The August Complex fire has been burning through Mendocino National Forest in Northern California since August of 2020, and it still isn’t showing signs of slowing down. The complex, which began as 38 separate fires started by lightning strikes, has burned a total of 938,044 acres as of late-September, making it the single-largest wildfire in the state’s recorded history.
Though wildfires aren’t all that unusual, scientists say climate change is making America’s West Coast hotter and drier, which could result in more frequent and intense fires in the years to come. Although economists have typically viewed natural disasters like wildfires as localized shocks, this could soon change as global warming makes extreme weather events more common.
A 196-page report from the Commodity Futures Trading Commission (CFTC) — which includes representatives from asset managers, banks, and major oil companies — found that the rising costs of natural disasters could pose a systemic threat to the stability of financial markets by igniting a series of events that would undermine the US economy.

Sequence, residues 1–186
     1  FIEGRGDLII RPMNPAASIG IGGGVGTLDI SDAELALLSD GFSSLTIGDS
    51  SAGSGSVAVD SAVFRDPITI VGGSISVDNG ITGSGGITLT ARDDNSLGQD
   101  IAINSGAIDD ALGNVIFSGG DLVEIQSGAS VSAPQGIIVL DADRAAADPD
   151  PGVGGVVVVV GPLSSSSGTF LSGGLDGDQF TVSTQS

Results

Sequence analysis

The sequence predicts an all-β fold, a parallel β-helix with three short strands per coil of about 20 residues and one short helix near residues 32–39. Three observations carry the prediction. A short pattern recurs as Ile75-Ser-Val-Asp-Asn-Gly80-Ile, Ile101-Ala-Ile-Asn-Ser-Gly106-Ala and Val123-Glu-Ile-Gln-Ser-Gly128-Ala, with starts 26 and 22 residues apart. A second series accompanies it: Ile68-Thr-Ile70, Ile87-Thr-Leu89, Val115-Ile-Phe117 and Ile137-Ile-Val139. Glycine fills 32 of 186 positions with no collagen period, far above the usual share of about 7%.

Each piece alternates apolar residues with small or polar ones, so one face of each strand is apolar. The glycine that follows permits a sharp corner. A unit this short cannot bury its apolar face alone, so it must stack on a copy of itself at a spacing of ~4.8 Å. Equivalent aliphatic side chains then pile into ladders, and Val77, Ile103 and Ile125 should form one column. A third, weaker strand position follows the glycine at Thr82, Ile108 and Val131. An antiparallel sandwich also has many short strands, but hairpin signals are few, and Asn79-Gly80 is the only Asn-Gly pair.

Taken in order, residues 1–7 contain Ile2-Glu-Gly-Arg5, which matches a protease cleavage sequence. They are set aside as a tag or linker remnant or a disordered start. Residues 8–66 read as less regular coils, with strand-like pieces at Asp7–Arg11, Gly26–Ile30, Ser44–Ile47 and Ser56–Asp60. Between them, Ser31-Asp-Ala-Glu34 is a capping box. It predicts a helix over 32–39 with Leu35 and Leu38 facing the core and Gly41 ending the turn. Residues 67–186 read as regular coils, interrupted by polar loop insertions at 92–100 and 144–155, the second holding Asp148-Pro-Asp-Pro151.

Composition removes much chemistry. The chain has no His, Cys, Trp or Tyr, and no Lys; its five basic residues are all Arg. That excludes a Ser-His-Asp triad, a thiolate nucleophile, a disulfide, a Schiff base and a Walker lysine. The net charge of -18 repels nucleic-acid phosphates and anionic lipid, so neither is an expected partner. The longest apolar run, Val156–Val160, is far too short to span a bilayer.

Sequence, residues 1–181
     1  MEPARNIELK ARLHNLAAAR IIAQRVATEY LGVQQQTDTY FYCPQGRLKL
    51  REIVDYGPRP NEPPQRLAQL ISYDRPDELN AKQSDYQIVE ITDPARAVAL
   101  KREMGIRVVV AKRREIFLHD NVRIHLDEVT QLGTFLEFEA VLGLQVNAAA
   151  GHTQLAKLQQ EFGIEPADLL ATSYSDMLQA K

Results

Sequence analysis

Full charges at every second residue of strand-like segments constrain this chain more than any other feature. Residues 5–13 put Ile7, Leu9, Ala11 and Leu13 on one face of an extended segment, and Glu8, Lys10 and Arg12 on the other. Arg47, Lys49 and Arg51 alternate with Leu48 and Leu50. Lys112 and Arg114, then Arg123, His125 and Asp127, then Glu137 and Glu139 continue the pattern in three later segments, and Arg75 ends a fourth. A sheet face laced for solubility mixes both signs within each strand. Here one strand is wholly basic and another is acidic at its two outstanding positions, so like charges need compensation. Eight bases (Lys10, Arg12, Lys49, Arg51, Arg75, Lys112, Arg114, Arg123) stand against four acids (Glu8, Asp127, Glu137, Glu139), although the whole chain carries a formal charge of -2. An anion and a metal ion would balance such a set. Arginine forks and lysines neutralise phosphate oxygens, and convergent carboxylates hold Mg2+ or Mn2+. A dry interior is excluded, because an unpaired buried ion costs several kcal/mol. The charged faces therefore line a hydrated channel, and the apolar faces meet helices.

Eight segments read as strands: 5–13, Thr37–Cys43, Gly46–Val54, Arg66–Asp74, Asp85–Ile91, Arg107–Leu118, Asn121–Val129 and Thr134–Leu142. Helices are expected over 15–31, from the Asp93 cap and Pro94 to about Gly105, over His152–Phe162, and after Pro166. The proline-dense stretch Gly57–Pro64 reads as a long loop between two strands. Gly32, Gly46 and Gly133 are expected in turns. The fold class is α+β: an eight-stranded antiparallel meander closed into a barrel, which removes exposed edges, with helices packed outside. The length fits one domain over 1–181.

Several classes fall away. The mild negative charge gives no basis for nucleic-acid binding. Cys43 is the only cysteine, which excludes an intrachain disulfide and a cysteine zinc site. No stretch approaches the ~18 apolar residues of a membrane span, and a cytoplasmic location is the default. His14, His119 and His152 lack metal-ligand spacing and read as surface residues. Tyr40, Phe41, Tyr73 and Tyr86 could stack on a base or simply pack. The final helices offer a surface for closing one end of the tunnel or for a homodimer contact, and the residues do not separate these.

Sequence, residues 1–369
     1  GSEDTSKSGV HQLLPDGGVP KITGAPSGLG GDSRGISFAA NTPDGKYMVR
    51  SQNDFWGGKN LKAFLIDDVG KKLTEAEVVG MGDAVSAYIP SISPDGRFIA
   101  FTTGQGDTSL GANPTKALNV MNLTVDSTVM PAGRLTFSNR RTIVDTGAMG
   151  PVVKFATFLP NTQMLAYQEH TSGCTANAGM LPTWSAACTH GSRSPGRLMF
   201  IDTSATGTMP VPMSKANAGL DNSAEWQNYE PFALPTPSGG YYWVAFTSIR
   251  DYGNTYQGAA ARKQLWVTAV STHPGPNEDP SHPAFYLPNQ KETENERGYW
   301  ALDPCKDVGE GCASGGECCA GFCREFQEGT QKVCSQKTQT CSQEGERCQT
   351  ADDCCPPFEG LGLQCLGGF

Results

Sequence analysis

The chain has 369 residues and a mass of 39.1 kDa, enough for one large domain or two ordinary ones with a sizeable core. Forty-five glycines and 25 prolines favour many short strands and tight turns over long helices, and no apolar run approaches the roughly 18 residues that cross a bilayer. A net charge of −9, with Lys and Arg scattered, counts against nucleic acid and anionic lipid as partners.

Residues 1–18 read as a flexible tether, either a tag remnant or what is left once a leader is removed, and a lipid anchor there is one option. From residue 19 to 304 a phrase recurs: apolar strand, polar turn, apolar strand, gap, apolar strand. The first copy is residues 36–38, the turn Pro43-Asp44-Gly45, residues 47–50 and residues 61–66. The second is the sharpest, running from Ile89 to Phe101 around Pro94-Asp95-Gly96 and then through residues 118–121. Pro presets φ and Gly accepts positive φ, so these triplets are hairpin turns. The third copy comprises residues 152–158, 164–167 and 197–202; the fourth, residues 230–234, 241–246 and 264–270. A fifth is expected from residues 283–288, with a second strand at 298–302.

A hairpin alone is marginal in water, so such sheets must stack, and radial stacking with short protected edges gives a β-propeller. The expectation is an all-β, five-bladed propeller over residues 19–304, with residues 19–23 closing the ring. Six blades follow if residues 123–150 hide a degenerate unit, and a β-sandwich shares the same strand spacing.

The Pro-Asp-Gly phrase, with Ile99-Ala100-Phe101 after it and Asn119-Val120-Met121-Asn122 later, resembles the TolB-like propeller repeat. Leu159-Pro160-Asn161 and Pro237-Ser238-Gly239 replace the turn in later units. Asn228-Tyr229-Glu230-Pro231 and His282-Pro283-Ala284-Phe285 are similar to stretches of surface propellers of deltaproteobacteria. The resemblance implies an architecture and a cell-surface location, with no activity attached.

Here’s what experts are worried about:
CalFire, California’s fire-fighting agency, says that about 25 percent of homes in the state are at high risk from wildfires. This would negatively impact house prices, which would in turn lead to more mortgage defaults which could damage banks and other financial assets.
Following the 2018 California wildfires, which caused more than $25 billion in property damage, some insurers began pulling away from fire-prone areas. This caused many desperate homeowners to turn to more expensive policies from other insurers.
Dave Jones, a former California insurance regulator who contributed to the CFTC report, warned that expensive insurance also affects home prices. He added that the same could be said of floods and storms and their impact on real estate values.
Lower tax revenues
Lower property prices could cut cities’ real estate tax revenues which could leave them unable to pay their debts. Furthermore, disruptions to businesses and the tourism industry could hurt cities’ finances, which would impact the US financial system in the long term.
Calamities such as wildfires could make investors more aware of potential climate risks, which could result in a disorganized repricing of assets. This has the potential to severely impact portfolios and balance sheets, which would then affect the country’s long-term financial stability.